From the desk of Joshua P. Hayward: Must a business turn over records regarding the identity of a user of its website, who posted a negative review anonymously, to a plaintiff who has filed a defamation claim against the anonymous reviewer? Read on to see how the Washington Court of Appeals addressed this new question.
Claims Pointer: For the first time in Washington, the Court of Appeals established that a court must apply the following analysis in determining whether to compel production of the identity of an anonymous speaker. First, the plaintiff must attempt to notify the anonymous poster in question that there is a claim against them, including posting on the message board where the statement was made. Second, the plaintiff must put forth sufficient evidence that would establish a prima facie case of defamation. In order to determine how much evidence is “sufficient,” the court must determine the nature of the speech (i.e. commercial, political, etc.) in order to determine the appropriate test. In this case, the court applied an intermediate standard of “prima facie” evidence because the speech was neither political (highly protected) nor was it purely commercial (less protected speech—i.e. advertising). The plaintiff could not force the business to turn over the anonymous poster’s identity because she presented no evidence to support her claim.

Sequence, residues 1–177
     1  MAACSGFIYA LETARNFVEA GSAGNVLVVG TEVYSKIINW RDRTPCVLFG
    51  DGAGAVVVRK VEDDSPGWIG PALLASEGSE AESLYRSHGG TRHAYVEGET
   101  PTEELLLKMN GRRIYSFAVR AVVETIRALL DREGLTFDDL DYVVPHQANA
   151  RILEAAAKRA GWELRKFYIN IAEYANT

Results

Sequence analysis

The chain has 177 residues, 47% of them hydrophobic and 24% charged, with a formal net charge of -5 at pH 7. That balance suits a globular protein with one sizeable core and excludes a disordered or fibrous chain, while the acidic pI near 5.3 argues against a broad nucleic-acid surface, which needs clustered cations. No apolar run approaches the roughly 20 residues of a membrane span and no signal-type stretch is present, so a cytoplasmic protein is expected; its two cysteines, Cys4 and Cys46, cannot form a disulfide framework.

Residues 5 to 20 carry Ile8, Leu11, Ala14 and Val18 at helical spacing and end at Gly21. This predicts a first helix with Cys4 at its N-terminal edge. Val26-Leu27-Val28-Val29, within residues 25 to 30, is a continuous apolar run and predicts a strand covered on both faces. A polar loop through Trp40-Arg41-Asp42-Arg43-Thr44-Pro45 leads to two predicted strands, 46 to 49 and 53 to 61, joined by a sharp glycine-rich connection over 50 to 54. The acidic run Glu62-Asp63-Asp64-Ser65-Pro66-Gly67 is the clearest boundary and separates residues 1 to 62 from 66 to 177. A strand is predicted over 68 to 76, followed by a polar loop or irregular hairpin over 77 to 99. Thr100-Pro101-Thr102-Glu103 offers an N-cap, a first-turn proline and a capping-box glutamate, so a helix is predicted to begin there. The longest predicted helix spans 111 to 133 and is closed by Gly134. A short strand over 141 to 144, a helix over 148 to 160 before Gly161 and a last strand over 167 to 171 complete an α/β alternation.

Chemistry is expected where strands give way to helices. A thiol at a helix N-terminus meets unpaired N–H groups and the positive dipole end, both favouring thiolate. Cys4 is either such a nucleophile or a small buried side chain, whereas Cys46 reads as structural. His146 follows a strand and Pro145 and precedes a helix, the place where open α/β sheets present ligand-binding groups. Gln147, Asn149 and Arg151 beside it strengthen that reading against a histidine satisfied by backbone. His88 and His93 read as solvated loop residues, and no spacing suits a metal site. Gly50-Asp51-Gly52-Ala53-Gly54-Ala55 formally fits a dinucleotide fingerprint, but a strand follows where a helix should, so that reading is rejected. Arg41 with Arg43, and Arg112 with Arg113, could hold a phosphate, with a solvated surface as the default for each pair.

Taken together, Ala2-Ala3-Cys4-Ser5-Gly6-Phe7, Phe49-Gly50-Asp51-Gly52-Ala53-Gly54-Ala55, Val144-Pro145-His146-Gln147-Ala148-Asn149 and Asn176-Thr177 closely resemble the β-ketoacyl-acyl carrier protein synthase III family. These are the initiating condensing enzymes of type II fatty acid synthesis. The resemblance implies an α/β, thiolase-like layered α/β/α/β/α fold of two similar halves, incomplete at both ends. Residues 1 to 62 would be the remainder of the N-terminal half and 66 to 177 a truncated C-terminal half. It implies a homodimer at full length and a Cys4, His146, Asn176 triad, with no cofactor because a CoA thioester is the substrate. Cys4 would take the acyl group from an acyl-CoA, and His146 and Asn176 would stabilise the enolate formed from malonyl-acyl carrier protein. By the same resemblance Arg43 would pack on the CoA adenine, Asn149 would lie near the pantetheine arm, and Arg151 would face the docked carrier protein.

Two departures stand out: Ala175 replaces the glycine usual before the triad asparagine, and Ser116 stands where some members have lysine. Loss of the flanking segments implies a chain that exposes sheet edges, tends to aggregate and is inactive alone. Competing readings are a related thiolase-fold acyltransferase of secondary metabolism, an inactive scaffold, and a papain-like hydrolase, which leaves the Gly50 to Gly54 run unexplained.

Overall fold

Deborah Thomson v. Jane Doe, No 72321-9-I, 2015 WL 4086923, Washington Court of Appeals, Division 1, (July 6, 2015).
Deborah Thomson, a Florida attorney, filed a defamation action in a lawsuit in Florida against “Jane Doe” after she discovered the following review of her legal services on the attorney rating website “Avvo.com”:
“I am still in court five years after Ms. Thomson represented me during my divorce proceedings. Her lack of basic business skills and detachment from her fiduciary responsibilities has cost me everything. She failed to show up for a nine hour mediation because she had...